The Consumer Financial Protection Bureau formally scrapped a rule — originally proposed in 2017 under an Obama appointee — that would have put limits on payday lenders.
As written, the rule would have imposed an underwriting requirement on payday lenders. The revised regulation instead won’t require lenders to determine whether a customer can afford paying back the loan before approving one.
Massachusetts Sen. Elizabeth Warren, a Democrat who spearheaded the creation of the consumer bureau after the 2008 financial crisis, called the decision “appalling” in a tweet, noting that the move guts protections for Americans at a time when tens of millions have lost their jobs due to the pandemic and may be struggling financially.
Payday loans can provide fast, easy access to credit — but can come with very high interest rates. Several consumer groups criticized the bureau for siding with the payday loan industry, which has long fought the implementation of the rule, and green-lighting predatory lenders.
The original rule was proposed by former bureau director Richard Cordray, whose resignation in November 2017 set off a political fight for control of the controversial agency.
“Protecting consumers again takes a back seat to catering to the financial industry,” Cordray tweeted Tuesday.
The payday lending rule was one of last proposals put forth by the agency before Cordray resigned. He battled endless calls for his firing after President Donald Trump took office and stepped down several months before his term was set to end.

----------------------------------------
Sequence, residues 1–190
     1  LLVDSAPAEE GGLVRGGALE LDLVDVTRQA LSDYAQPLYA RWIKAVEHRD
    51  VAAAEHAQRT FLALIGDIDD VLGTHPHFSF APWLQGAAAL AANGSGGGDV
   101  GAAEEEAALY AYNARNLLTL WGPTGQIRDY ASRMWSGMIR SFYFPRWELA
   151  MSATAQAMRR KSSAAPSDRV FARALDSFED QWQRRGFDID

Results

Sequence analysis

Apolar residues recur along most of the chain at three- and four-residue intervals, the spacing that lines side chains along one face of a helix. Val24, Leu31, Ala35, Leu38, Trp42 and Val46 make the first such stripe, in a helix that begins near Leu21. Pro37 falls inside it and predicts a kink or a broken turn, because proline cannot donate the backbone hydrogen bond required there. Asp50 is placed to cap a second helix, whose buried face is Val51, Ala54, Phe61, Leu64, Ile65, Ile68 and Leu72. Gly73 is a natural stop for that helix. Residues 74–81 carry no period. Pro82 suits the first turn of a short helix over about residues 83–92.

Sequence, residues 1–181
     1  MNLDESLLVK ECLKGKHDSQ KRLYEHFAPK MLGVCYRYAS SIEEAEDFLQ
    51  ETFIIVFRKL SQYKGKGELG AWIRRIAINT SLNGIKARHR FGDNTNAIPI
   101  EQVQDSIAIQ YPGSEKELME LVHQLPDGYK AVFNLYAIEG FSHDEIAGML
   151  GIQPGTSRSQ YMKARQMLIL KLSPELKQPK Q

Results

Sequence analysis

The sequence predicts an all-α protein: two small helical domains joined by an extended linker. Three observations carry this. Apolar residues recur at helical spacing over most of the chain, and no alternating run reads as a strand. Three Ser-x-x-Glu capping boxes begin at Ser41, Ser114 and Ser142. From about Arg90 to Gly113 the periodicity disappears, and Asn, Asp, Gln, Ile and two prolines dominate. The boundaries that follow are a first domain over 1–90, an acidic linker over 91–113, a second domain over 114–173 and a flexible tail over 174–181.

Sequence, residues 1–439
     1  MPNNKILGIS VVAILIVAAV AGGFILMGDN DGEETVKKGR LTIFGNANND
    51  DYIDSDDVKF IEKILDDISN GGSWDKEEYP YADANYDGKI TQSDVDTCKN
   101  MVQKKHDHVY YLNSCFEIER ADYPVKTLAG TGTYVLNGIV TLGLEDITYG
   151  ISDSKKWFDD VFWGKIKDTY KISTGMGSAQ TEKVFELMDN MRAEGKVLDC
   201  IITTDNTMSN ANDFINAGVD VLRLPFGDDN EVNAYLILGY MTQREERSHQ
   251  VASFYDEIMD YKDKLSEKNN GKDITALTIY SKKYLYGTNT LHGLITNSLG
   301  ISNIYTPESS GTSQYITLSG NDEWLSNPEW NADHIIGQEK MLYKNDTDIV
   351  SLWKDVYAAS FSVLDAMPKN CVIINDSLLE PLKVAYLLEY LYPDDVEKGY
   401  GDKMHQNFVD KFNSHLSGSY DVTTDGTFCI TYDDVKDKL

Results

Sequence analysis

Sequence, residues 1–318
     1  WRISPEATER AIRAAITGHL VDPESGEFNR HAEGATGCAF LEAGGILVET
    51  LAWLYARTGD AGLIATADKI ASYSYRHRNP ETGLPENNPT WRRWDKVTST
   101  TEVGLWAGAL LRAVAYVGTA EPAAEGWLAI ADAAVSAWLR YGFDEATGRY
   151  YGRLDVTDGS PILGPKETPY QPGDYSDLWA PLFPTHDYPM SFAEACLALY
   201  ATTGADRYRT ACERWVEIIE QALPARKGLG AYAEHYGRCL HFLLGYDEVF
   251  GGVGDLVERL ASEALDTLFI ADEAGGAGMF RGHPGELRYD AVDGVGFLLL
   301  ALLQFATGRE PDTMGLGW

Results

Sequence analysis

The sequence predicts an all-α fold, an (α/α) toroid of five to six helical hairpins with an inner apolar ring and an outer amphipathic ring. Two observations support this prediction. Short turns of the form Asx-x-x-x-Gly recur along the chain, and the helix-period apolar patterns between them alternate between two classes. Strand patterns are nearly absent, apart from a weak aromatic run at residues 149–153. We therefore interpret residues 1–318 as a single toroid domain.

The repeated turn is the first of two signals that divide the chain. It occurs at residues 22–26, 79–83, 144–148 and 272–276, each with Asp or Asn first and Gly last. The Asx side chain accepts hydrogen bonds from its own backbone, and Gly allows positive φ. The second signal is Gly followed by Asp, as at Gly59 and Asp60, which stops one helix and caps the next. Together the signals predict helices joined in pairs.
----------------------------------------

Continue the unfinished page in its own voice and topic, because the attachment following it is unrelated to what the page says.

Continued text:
In the interim, Trump appointed Mick Mulvaney, who previously had pushed to abolish the agency as a member of Congress. Under Mulvaney’s direction, the agency put a hold on the rule. When Kathleen Kraninger took over as director in 2019, she began the formal process of rescinding the underwriting requirement.
Kraninger has argued that the underwriting rule would restrict consumer access to credit.
“Our actions today ensure that consumers have access to credit from a competitive marketplace, have the best information to make informed financial decisions, and retain key protections without hindering that access,” she said in a statement Tuesday.
The payday lending industry welcomed the decision.
The provision “imposed complex and costly regulations that would have effectively put lenders out of business altogether rather than protect consumers,” said D. Lynn DeVault, chairman of the Community Financial Services Association of America.
Last week, the Supreme Court ruled to limit the independence of the CFPB. It was a victory for Republicans who have long argued that the agency had too much unchecked power. The Trump administration sided with the law firm that brought the case, agreeing that the single director structure is invalid and violates the separation of powers. The ruling allows for the President to fire the director at will.